MEMBER PRESS: PASO ROBLES WINE COUNTRY ALLIANCE MEMBER PRESS
DUSI DUO OF OLD VINE ZIN VINEYARDS
Old Vine Zinfandel from the Dusi vineyard near Paso Robles has long been recognized and prized (search on-line for â€œDusi Zinfandelâ€ and youâ€™ll find many references and vineyard-designated wines). But there often seems to be some confusion about where these grapes come from, because there are, in fact, two famous Dusi Zinfandel vineyards near Paso Robles, owned by different branches of the same family.
Sylvester and Caterina Dusi settled in Paso Robles in the early twenties. They raised three sons (Guido, Dante, and Benito) on a Zinfandel vineyard in planted in 1924. Guido and Dante went off to fight in World War II, leaving the vineyard cultivation to Sylvester and Benito (who wasnâ€™t old enough to join up).
Benito continued to cultivate that vineyard, located on the slightly flatter, sandier, east side of US Highway 101. Although originally planted in 1924, most of the vines today are in the 50 to 60-year-old range, with some even younger, as the vineyard has gradually been replanted. This Dusi Zinfandel is often referred to as Dusi Ranch or Benito Dusi Vineyard.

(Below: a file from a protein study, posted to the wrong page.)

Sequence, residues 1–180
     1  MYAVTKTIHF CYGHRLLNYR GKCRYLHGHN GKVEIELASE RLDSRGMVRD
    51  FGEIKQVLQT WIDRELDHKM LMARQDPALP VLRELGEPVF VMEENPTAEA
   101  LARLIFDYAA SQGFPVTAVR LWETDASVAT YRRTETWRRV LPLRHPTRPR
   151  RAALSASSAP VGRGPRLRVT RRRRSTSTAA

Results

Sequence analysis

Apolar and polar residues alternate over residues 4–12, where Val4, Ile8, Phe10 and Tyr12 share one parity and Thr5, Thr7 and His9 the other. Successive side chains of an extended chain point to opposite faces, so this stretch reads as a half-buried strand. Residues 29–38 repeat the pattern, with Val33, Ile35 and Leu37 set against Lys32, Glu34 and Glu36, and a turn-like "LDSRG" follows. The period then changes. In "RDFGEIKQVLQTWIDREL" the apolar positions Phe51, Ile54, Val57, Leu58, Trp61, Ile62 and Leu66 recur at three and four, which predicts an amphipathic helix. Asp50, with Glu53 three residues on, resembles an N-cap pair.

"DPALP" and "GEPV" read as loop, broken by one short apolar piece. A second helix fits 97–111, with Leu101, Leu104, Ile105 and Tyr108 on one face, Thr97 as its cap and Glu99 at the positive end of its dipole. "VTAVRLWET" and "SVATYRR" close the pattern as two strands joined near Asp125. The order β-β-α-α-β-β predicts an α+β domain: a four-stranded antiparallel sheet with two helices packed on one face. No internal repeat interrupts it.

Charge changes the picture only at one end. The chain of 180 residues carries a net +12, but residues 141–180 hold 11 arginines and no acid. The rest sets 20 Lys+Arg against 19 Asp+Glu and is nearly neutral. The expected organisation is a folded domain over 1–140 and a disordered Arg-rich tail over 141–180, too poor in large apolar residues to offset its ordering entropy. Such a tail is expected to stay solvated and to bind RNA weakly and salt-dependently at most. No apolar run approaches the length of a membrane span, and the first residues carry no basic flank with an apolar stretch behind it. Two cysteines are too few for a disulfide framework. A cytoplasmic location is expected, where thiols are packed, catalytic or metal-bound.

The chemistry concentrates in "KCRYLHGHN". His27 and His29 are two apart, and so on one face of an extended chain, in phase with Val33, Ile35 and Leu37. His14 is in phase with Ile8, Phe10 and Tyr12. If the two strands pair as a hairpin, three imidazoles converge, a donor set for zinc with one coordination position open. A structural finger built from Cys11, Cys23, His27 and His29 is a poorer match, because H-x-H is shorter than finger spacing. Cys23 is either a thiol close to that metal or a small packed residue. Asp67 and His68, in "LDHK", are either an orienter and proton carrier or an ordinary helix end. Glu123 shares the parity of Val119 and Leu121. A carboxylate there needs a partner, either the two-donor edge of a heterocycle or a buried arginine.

Dante Dusi, home from the war, planted Zinfandel on land bordering the moderately rolling west side of US Highway 101, about a mile south of the familyâ€™s original ranch. Planted in 1945 and 1946, these gnarled and low-growing, head-trained vines are in their 60s now, and producing memorable old vine wine. This old vine plot, some 85 acres of Zinfandel today, is usually referred to as the Dusi Vineyard or Dante Dusi Vineyard.
Jeff Cox, writing in The Wine News suggests that both â€œDante Dusi Vineyard- and Dusi Ranch crafted Zins usually display classic Paso Robles cherry fruit on the palate; the former tend to have more lush, dark fruit character, while the latter are bright and spicy with firm tannins.â€
Both these special Dusi vineyards are adjacent to US Highway 101 and are readily recognized. Those stubborn little head-trained grape bushes are distinctive in the Paso Robles landscape.
Posted 23-Mar-2010 by DAH